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Which graduates are most likely to make 50k+ in their careers? Watch

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    Anyone who works hard tbh, I know some people study business at UCL and is in a **** job whilst another mate from an ex poly worked hard and is now a solicitor at a city firm.
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    A lot of people who have posted on this thread are incredibly pretentious and out of touch with reality. You do not need to be a graduate in a specific field to be successful and earn a high amount. That's just telling people that unless you do this, this and that then you're not going to achieve anything in life.

    A degree is absolutely no substitute for hard work and determination. My older brother left school at 16. Joined the marines. Came back to the UK aged 23. Worked six 16 hour days a week for 3 years. Then when he had money bought a gym.. bought a restaurant, bought and rented out student accommodation and now at 31, rakes in over £250k after tax a year. All of that with a handful of GCSE's and a serious work ethic.

    My point is, not everyone is in a position where they can go to university. Hell, not everyone is intelligent enough to get degrees in biochemistry, medicine and maths (myself included). But that does not mean that they cannot be successful.
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    (Original post by ElChapo)
    The vast majority of posters aren't on any salary at all, mostly undergrads and sixth form students.

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    It's also completely and utterly bias since people have resorted in saying the subjects they study/plan to study.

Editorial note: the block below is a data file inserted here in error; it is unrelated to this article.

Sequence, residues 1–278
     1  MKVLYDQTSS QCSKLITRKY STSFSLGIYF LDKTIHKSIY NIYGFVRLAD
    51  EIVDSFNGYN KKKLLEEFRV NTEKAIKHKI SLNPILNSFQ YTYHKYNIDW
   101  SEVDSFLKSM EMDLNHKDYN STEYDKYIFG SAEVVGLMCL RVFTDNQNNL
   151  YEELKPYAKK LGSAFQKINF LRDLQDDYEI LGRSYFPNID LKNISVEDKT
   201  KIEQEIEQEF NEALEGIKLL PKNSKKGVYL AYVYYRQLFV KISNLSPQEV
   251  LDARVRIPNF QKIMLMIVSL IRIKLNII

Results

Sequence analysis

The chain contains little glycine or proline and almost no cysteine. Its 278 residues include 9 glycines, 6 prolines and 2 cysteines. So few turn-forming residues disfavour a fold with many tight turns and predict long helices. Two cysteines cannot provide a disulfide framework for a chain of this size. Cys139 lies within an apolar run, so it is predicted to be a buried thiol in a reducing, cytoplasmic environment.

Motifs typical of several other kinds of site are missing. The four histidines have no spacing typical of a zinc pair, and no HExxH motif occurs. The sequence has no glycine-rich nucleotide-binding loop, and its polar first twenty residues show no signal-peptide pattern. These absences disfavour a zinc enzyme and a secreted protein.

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    (Original post by ✈ ✈ ✈ ✈ ✈ ✈ ✈)
    We need to put this into context. The whole point of attending university is to acquire the knowledge and skills necessary to enter your chosen industry.
    Alongside your implicit assertion of equivalence between making lots of money and having wants in life, this amounts to contrive a view of a singularly sorrowful being. Why is the totality of ones experience of tertiary education appropriately considered only relative to employment, and why is a high salary a condition of having a life-plan?
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    (Original post by Michael!)
    A lot of people who have posted on this thread are incredibly pretentious and out of touch with reality. You do not need to be a graduate in a specific field to be successful and earn a high amount. That's just telling people that unless you do this, this and that then you're not going to achieve anything in life.

    A degree is absolutely no substitute for hard work and determination. My older brother left school at 16. Joined the marines. Came back to the UK aged 23. Worked six 16 hour days a week for 3 years. Then when he had money bought a gym.. bought a restaurant, bought and rented out student accommodation and now at 31, rakes in over £250k after tax a year. All of that with a handful of GCSE's and a serious work ethic.